Many energy drinks contain B vitamins—a group of water soluble vitamins that are critical to cell metabolism and the production of energy. Fermented Spirulina is a complete source of protein and contains B vitamins that are essential for energy production.
Finally, goat milk is naturally high in taurine—even higher than cow’s milk! (16)(17)
While heat does not affect the amount of taurine in goat milk, we suggest fermenting your dairy with a kefir starter. This is because dairy kefir contains valuable enzymes that your body needs to digest food and to cleanse. Dairy kefir is full of beneficial microbes that can soothe inflammation and help the body regulate stress—giving you the energy you need to press on!
Body Ecology’s Energy Drink Recipe
Place all ingredients into a blender and enjoy!
Energy drinks have been popular since their introduction in 1997. Today, close to one third of Americans consume energy drinks. An energy drink from a local convenience store may seem innocent, but research has associated energy drinks with heart complications, seizures, and inflammation.
Popular energy drinks contain stimulating ingredients like caffeine, sugar, and taurine:
Try a natural alternative to a potentially harmful energy drink with the Body Ecology Energy Drink Recipe:
Place all ingredients into a blender and enjoy!
Kefir has many benefits, including better digestion of fats, proteins and carbohydrates. It has been known for thousands of years for its anti-aging and immune-enhancing properties.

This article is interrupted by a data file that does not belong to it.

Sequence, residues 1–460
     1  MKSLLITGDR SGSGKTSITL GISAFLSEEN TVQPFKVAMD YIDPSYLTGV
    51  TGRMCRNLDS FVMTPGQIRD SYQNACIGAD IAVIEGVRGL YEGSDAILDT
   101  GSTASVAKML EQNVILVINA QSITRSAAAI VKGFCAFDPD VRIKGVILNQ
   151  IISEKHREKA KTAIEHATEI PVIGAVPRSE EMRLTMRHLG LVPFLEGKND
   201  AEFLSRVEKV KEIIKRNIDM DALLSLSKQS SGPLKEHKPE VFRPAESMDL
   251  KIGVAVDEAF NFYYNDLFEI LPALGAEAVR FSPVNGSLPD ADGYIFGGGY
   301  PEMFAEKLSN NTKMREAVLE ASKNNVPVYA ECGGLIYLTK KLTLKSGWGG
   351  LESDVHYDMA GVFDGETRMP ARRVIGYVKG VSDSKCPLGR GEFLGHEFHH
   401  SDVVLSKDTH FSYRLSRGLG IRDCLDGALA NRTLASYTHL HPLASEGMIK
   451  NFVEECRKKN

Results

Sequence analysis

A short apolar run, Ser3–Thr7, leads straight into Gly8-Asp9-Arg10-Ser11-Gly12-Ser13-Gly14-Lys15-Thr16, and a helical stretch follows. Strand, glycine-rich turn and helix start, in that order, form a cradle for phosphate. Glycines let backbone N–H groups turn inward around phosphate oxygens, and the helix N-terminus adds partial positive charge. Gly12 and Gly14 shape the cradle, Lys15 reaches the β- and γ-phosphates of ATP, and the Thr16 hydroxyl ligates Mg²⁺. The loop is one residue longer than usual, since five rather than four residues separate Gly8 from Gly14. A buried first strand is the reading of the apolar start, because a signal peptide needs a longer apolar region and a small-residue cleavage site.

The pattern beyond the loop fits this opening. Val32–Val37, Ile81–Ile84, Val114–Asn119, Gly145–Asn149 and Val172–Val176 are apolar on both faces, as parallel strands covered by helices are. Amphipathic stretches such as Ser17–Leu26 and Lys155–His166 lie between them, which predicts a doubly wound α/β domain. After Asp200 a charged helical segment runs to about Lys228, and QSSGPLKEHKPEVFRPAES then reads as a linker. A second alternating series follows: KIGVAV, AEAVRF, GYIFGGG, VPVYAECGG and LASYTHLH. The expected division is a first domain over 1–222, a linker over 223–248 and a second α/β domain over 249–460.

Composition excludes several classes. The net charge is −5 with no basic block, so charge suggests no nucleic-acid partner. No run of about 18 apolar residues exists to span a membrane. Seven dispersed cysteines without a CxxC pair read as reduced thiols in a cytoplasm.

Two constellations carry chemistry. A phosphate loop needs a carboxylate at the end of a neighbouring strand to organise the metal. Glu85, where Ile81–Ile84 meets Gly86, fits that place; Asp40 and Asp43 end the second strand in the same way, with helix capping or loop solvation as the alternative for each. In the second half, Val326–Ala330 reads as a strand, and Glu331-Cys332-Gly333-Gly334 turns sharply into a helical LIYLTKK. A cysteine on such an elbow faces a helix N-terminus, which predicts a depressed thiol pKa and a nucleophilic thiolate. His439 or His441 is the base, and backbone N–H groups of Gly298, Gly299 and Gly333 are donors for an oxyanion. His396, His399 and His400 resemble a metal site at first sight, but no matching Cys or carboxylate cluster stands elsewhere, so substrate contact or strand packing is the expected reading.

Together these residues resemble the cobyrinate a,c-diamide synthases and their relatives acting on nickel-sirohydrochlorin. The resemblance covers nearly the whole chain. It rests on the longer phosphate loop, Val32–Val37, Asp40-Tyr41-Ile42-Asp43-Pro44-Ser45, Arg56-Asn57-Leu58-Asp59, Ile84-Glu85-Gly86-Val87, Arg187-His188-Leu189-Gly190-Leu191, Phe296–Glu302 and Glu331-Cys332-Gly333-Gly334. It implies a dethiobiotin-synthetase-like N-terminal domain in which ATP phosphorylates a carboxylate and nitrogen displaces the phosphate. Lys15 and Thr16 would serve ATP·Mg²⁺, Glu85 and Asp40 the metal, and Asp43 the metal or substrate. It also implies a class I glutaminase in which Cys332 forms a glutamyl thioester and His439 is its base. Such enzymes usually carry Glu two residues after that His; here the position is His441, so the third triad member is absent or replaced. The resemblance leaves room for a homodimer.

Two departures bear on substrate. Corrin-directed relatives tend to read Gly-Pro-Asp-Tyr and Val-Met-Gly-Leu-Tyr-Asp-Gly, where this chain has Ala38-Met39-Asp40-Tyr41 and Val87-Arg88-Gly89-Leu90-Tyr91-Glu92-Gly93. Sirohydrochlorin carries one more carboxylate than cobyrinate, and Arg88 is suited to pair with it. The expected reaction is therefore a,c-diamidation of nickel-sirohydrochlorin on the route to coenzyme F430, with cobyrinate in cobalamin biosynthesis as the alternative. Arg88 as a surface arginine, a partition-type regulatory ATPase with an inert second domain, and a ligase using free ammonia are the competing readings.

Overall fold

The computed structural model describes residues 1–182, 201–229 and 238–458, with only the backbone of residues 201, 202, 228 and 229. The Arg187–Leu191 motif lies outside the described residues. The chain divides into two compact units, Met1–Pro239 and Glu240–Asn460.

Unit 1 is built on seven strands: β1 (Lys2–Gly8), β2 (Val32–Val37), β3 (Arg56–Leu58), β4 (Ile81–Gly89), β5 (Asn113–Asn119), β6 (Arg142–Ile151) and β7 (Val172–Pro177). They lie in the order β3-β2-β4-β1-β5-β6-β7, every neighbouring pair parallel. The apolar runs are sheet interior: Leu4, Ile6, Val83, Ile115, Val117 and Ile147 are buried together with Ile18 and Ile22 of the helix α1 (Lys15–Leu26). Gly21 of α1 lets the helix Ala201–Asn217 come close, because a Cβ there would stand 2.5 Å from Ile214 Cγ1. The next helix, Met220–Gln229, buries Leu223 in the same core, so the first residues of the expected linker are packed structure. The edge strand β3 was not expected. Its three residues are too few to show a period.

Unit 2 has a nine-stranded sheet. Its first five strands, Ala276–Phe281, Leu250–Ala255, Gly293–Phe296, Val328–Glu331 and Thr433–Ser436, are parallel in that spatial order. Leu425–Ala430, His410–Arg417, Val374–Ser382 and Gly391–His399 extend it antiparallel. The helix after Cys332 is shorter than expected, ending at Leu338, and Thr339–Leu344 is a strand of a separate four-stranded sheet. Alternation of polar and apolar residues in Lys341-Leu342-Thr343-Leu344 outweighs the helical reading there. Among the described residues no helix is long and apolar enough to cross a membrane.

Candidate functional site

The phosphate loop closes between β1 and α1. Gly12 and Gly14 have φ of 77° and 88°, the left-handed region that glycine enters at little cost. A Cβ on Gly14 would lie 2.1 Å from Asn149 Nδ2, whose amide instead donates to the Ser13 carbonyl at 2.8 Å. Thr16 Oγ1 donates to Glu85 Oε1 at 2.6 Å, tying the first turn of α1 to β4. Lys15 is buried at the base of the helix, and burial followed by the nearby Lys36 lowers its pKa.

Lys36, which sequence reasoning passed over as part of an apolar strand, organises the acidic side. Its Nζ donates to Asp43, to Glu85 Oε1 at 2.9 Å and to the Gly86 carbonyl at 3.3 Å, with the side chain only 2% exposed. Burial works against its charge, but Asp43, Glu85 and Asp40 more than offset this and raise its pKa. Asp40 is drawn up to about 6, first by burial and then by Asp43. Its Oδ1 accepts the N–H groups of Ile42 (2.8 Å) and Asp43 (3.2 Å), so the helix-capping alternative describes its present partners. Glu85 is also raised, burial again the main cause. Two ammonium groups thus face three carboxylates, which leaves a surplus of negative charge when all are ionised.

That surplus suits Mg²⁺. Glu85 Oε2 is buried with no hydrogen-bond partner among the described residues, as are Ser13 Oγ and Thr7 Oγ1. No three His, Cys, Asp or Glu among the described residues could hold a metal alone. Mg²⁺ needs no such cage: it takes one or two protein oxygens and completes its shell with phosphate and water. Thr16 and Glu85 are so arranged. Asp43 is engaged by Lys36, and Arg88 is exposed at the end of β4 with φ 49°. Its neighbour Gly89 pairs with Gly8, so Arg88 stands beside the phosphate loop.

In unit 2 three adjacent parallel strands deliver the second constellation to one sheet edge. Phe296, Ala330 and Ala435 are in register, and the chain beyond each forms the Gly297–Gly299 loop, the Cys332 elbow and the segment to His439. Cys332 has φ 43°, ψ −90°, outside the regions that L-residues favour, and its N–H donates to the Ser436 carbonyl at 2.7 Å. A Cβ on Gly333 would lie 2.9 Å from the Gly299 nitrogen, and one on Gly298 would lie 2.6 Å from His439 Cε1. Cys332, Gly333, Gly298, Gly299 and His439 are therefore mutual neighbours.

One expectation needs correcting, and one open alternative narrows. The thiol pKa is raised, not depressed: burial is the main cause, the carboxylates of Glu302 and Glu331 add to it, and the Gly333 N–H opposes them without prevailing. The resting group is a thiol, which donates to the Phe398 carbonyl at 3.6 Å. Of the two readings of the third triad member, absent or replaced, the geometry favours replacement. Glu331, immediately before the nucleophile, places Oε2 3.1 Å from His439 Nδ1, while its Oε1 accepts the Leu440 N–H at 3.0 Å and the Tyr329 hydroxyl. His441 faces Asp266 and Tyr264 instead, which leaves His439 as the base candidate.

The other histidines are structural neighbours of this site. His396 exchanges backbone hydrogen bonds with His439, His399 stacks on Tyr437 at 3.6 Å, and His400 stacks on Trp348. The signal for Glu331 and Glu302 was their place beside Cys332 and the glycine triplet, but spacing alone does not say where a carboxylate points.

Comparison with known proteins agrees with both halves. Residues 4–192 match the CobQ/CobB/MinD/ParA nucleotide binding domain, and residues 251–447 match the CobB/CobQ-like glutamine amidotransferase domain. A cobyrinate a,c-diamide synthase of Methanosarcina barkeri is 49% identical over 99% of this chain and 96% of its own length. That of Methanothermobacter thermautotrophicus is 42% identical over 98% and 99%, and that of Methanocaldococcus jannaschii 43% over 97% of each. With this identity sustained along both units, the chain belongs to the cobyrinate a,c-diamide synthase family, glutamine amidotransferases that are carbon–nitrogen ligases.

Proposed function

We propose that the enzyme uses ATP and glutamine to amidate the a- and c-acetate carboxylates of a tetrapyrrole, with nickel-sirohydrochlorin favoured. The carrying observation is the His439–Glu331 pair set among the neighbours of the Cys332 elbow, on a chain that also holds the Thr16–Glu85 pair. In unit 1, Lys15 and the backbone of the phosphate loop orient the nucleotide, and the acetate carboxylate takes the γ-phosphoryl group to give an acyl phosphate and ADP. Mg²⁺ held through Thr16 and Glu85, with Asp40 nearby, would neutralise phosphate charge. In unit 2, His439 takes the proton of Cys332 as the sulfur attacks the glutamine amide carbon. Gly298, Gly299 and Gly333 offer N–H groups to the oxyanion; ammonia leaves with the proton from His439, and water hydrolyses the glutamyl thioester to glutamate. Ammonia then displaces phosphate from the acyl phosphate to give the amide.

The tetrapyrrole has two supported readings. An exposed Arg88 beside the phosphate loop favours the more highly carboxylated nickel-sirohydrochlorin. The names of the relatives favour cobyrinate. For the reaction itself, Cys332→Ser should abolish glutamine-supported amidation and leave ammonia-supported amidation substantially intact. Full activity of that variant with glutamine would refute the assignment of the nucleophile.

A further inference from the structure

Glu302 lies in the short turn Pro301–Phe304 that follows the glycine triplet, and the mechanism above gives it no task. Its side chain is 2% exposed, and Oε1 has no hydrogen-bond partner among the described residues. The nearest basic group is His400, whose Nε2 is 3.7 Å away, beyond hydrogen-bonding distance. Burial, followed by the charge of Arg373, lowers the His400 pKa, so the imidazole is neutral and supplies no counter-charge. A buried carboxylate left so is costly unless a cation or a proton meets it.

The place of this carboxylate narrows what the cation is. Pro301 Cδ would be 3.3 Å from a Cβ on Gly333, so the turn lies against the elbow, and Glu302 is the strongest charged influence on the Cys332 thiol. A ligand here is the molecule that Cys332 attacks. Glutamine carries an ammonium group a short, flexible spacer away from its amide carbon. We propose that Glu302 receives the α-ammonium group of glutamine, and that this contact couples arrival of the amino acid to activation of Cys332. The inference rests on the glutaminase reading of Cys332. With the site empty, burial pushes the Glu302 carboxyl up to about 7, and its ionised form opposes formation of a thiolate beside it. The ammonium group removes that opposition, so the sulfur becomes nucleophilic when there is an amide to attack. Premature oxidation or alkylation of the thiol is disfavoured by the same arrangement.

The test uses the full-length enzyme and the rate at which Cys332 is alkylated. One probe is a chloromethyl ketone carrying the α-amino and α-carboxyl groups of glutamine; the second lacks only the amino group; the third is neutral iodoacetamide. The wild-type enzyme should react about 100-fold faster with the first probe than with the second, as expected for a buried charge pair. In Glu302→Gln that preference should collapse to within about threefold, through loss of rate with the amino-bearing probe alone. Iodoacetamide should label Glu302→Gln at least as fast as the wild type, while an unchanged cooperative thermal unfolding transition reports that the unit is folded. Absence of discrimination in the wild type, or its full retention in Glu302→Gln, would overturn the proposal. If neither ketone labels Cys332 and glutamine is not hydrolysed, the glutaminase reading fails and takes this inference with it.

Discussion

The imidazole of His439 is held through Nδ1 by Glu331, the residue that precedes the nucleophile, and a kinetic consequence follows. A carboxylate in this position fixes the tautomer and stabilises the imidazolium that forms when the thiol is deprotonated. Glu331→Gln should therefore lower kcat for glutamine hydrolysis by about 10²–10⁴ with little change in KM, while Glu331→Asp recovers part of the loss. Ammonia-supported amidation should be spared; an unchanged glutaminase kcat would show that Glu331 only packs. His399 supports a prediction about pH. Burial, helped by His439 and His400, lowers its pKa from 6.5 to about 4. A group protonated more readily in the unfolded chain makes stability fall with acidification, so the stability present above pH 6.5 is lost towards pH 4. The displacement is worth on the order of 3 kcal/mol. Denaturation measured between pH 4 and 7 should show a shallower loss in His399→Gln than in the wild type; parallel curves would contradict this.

Kefir is an ancient cultured food, rich in amino acids, enzymes, calcium, magnesium, phosphorus and B vitamins. Kefir means "feel good" in Turkish, and that's just how you'll feel after drinking a glass in the morning! Easy and fun to make at home, it is superior to commercial yogurt. An absolute must after antibiotic use!
Unlike yogurt, kefir can actually colonize the intestinal tract and is simple and fun to make at home. To make kefir: Mix one packet with 1 quart of warm milk, cover and set at room temperature for 18-24 hours. Refrigerate and enjoy!
Each packet yields 1 quart of kefir, and can be reused up to 7 times. This means you can create 10 ½ gallons of kefir from one box!
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Information and statements regarding dietary supplements/products have not been evaluated by the Food and Drug Administration and are not intended to diagnose, treat, cure, or prevent any disease. Information on this website is provided for informational purposes only and is a result of years of practice and experience by the author. This information is not intended as a substitute for the advice provided by your physician or other healthcare professional or any information contained on or in any product label or packaging. Do not use the information on this website for diagnosing or treating a health problem or disease, or prescribing medication or other treatment. Always speak with your physician or other healthcare professional before taking any medication or nutritional, herbal, or homeopathic supplement, or using any treatment for a health problem. If you have or suspect that you have a medical problem, contact your healthcare provider promptly. Do not disregard professional medical advice or delay in seeking professional advice because of something you have read on this website.